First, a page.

Science Fair Project Encyclopedia
Bodyguards are typically armed and have expertise in unarmed combat, tactical driving, and first aid. However, the most important skill for a bodyguard is the ability to assess a situation and decide how best to respond to minimize danger to his principal. Most important public figures are protected by several bodyguards who work together as a unit, using several vehicles and sometimes decoy vehicles to protect their client. Less important protectees (or those with lower risk profiles) are accompanied by a single bodyguard, who may double as a driver. However, some billionaires and dignitaries choose to dispense with bodyguards in all but the most risky situations.
In multi-agent units (like those protecting celebrities or the heads of states), one or more bodyguards specialize on particular tasks, such as intelligence, communication/communications protection, threat/vulnerability/risk assessment, and analysis. Other tasks may include design and operation of physical security measures at home, office, and while travelling, as well as data security systems. There can also be on-call specialists in explosives and chemical detection, crowd screening and control, SCUBA patrol, special weapons, armor, hostage negotiation, surveillance, and technical countermeasures (anti-bugging). Regardless of the team size, there must be a comprehensive security plan with a staffing plan and budget.
One well-known public agency that provides bodyguard services is the United States Secret Service which safeguards the lives of the President, his family, and other executive officials. The Secret Service can be compared to historical bodies such as the Praetorian Guard, Varangian Guard, Swiss Guard, Janissaries and Napoleon's Imperial Guard. Another agency, the U.S. State Department's Bureau of Diplomatic Security, is responsible for protecting U.S. missions and their personnel overseas, as well as selected dignitaries in the U.S., including the U.S. Ambassador to the United Nations, the Secretary of State, and visiting foreign dignitaries below heads-of-state level.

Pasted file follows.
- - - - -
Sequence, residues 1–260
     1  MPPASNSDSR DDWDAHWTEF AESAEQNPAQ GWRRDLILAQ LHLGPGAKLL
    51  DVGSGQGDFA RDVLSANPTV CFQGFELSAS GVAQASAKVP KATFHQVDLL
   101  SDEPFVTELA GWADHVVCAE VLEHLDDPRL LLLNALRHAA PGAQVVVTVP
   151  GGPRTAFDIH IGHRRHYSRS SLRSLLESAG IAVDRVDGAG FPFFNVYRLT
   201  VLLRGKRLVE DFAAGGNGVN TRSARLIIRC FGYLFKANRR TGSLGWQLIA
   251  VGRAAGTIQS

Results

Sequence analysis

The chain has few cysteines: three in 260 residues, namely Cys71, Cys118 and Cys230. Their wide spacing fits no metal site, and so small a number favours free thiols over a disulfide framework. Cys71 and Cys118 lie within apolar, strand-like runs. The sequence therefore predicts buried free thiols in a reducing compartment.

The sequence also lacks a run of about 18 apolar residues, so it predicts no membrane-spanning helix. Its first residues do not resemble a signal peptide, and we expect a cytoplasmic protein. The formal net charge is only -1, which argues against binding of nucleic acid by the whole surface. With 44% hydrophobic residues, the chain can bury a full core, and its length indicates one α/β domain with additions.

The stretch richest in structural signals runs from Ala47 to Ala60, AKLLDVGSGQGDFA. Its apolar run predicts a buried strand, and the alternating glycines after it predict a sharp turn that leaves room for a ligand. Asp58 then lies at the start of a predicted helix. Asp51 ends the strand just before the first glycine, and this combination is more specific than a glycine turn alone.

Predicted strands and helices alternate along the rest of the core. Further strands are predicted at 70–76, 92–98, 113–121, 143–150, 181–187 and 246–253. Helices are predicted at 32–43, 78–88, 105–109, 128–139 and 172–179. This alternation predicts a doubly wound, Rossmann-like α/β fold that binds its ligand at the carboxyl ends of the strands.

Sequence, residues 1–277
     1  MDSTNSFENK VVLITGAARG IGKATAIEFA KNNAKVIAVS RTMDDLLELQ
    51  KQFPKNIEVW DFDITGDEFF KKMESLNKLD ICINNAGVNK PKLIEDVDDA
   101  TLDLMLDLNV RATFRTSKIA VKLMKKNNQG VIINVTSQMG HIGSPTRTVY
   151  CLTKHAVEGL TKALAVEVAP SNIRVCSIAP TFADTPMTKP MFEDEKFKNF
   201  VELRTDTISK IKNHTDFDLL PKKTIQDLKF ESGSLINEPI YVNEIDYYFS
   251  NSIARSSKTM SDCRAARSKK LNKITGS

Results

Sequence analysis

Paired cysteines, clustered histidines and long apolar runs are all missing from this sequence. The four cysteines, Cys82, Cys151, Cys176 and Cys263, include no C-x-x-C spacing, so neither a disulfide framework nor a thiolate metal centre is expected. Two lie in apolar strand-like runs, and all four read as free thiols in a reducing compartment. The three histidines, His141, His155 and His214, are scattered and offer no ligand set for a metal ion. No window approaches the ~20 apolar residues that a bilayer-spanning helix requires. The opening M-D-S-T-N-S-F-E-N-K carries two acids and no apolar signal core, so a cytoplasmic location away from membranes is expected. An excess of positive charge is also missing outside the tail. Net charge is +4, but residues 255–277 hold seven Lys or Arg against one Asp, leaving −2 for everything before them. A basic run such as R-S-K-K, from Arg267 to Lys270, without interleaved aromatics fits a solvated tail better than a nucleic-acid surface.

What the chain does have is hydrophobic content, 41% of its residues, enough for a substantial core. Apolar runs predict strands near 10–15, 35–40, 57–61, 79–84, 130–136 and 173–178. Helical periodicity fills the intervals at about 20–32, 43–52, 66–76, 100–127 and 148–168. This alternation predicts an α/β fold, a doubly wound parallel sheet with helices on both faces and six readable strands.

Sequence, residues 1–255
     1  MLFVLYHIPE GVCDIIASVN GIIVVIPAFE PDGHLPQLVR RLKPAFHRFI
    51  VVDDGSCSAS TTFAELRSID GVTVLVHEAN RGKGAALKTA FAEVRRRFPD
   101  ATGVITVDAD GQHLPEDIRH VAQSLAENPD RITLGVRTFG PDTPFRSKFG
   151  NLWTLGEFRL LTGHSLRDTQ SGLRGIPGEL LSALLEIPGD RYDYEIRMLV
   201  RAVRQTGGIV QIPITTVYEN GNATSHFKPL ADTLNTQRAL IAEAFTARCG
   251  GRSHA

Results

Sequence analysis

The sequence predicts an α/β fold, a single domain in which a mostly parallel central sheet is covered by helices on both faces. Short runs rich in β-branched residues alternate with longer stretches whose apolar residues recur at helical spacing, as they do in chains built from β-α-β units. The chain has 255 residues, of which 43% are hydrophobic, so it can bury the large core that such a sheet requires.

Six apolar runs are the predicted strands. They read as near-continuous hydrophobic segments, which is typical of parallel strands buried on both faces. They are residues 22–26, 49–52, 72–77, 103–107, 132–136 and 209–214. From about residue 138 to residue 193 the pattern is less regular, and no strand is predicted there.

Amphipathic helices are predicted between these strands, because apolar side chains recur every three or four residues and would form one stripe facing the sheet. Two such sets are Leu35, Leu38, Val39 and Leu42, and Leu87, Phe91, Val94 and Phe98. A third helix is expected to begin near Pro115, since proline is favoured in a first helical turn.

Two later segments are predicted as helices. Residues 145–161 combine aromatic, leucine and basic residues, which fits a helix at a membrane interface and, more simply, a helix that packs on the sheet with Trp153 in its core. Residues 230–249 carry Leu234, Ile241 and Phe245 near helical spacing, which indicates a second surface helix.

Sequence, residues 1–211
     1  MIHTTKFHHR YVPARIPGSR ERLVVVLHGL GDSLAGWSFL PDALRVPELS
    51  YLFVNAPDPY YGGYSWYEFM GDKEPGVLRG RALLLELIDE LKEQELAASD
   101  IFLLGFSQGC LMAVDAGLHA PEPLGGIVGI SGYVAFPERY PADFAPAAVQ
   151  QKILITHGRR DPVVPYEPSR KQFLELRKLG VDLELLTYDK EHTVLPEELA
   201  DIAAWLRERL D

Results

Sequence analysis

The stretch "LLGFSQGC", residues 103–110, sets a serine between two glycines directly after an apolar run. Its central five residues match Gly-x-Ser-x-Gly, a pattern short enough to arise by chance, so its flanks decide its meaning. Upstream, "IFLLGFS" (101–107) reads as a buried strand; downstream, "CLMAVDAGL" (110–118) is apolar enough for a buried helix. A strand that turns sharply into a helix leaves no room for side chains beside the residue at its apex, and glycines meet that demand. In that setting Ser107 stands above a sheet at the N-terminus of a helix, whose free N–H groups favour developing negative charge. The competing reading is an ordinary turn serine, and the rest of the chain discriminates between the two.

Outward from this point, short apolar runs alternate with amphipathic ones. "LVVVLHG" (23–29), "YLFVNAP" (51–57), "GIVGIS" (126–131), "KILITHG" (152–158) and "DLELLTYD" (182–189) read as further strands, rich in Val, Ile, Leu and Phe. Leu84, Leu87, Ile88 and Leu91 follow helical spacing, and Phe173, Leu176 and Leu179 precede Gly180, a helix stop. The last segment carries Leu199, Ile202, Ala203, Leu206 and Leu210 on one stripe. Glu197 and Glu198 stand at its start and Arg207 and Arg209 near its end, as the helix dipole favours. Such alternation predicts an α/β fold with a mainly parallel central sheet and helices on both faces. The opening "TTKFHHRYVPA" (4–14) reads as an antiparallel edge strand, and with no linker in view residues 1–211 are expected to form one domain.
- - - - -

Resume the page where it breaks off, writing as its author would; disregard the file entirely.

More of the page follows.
The loudest international scandal involving a bodyguard erupted in 2000 in Ukraine, when local president Leonid Kuchma was publicly blamed in committing numerous crimes by Mykola Mel'nychenko, an agent assigned to provide communications protection at his office (See also SBU, Georgiy Gongadze, Cassette Scandal).
In 1984 Prime Minister Indira Gandhi of the Republic of India was assassinated by two of her security guards.
For some police dogs that are considered valuable enough for criminals to attempt to kill, they are assigned a large breed companion dog that serves as its bodyguard.
- A Minder is a kind of bodyguard that protects the financial interests of the principal rather than their personal safety.
- security police, elite military forces which guard a head of state.
- Yojimbo, the Japanese word for bodyguard
Fictional bodyguards include:
- Bodyguard - former Japanese television series starring Reiko Takashima
- The Bodyguard film about guarding a celebrity singer
- Bodyguards - UK television series
- The Human Target - American comic book and television series
- In the Line of Fire - American film about guarding the President
- Usagi Yojimbo - Stan Sakai's anthropomorphic samurai based upon Miyamoto Musashi
- Yojimbo- Akira Kurosawa film
- Domovoi Butler - From The Artemis Fowl series
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